Today we wrap up Tractate Nazir, and with it our study of how to achieve a more elevated spiritual status by vowing to abstain from hair-cutting, grape products and contracting corpse impurity. While only Israelite men of certain lineage could join the priesthood, naziriteship was open to everyone — women and men and even some minors and slaves, making it a unique spiritual opportunity for the entire community.
We’ve primarily studied the halakhic requirements for naziriteship, both under typical circumstances and in cases when things go awry. But while it hasn’t been the main focus of the rabbinic conversation, along the way we’ve been able to intuit reasons that one might choose the elevated sanctity of naziriteship despite its burdens: A nazirite vow might be an expression of gratitude or remorse, or come from a desire for personal growth. It might be a rash decision made in anger or a desperate attempt to move God to grant a blessing, like a much-wanted child.
These days, few of us are or meet nazirites. It is a Jewish practice that has largely fallen out of use (though not entirely) and can therefore be difficult to relate to. But for many, the appeal of adopting a spiritual discipline is not.
As we close the tractate, the Talmud turns away from halakhic concerns to a final mishnah that answers a very basic question about the Bible: Was Samuel a nazirite? The Tanakh tells us that his mother vowed no razor would touch his head, but it doesn’t actually use the word “nazir” in connection with the great prophet who appointed the first kings of Israel. In the mishnah, Rabbi Nehorai concludes decisively that he was.
Since this mishnah requires no halakhic discussion, the Gemara that follows is free-wheeling. Likely picking up on the final statement of Rabbi Nehorai in the mishnah, the Gemara brings another discussion in which he features strongly, though on the surface it has nothing to do with naziriteship:
Seize and recite a blessing (i.e. the Grace After Meals). And similarly, Rav Huna said to his son, Rabba: Seize and recite a blessing.
Is this to say that one who recites a blessing is preferable? But isn’t it taught that Rabbi Yosei says: The one who answers amen is greater than the one who recites the blessing? And Rabbi Nehorai said to him: By Heavens, it is so. Know that this is true, as the military assistants initiate the war and the mighty follow them and prevail.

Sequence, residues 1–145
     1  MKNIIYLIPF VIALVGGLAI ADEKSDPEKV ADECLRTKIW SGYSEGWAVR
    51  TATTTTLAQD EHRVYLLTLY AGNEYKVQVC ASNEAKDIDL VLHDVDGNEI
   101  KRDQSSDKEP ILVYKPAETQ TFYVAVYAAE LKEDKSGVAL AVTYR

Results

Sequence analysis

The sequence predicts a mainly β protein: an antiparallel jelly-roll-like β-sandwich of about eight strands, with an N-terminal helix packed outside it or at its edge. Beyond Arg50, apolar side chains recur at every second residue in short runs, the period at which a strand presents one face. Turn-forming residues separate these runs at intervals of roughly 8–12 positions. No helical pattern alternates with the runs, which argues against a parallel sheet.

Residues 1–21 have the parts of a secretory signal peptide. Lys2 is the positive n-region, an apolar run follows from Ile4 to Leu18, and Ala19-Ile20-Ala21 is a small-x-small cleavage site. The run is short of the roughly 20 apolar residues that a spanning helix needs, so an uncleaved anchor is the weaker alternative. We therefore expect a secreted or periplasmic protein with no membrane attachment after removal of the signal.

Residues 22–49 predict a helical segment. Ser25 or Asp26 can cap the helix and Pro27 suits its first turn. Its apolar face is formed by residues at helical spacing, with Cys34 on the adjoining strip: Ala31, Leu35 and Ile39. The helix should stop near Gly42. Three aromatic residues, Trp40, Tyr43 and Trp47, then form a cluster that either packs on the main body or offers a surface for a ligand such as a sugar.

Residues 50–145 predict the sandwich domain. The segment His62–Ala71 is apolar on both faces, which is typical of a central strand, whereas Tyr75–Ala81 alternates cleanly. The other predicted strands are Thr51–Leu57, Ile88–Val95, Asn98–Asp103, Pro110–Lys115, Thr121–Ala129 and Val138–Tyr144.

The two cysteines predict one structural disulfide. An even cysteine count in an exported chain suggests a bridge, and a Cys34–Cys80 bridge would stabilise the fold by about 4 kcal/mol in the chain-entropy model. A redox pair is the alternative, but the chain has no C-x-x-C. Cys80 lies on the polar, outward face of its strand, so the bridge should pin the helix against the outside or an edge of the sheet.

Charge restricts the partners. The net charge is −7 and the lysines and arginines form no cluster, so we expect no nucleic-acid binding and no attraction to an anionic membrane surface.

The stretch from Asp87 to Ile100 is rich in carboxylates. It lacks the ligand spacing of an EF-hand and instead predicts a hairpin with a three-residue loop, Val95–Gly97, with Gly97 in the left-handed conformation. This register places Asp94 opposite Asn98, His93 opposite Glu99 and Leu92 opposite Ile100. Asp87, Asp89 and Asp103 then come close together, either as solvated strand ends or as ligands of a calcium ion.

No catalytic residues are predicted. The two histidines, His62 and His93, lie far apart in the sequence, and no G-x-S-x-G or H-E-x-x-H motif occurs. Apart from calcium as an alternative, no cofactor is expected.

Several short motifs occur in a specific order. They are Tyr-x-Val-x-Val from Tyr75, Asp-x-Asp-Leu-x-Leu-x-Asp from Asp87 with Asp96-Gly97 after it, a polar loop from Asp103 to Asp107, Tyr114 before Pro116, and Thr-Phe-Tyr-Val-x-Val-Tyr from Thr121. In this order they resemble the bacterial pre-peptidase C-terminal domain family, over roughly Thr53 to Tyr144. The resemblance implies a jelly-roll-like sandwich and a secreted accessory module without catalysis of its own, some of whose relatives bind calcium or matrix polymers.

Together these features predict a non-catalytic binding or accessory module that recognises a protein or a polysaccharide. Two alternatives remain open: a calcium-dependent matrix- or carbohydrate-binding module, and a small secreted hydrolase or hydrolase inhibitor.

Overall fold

In ancient times, much as they did for Kiddush and Havdalah, the rabbis recited Birkat Hamazon (Grace After Meals) over a cup of wine. (Some Jews still do this.) Here we learn that Rav Huna taught his son Rabba that when a meal was reaching its conclusion, he should grab the cup on the table and begin offering the Grace After Meals. Why? Because being the one who makes the blessing is preferable to the one who recites amen.
But an earlier teaching of Rabbi Yosei argues against this, stating that it is preferable to be the one who recites amen. And Rabbi Nehorai supports this view by pointing out that the first troops to enter a field of battle merely start the war; it is the more talented troops that follow who ultimately rout the enemy. It’s a jarringly militaristic image, but it does certainly portray the amen as not just ancillary but necessary to the success of the blessing.
In the first pages of this tractate, there was a brief debate about whether a nazir could drink wine in order to fulfill the mitzvot of making Kiddush and Havdalah. The conclusion of the rabbis was that the nazir may not (because making Kiddush is a rabbinic mitzvah and abstaining from wine is a mitzvah from the Torah, and therefore takes precedence). A nazir, therefore, would not be permitted to recite Birkat Hamazon over wine for a group of fellow diners. The nazir must instead be part of the chorus that responds with amen. In some ways elevated, the nazir is also in some ways marginalized.
The Gemara does not offer us a definitive conclusion as to whether it is better to make the blessing or recite amen — the next few lines bring a beraita that argues against Rabbis Yosei and Nehorai, showing preference for the one who hurries to recite the blessing over the one who says amen.
Similarly, this tractate never gives us a definitive evaluation of the nazir, the one who rushes to make a battery of special commitments to God. Are they preferred to the rest of the community, who simply follow the usual set of commandments? Or are they viewed suspiciously?
Perhaps this question is unanswerable because the community benefits from both: We need those who seize the cup of wine to make the blessing, and those who cannot because they’ve made another vow. And we also need that chorus of amens.
Read all of Nazir 66 on Sefaria.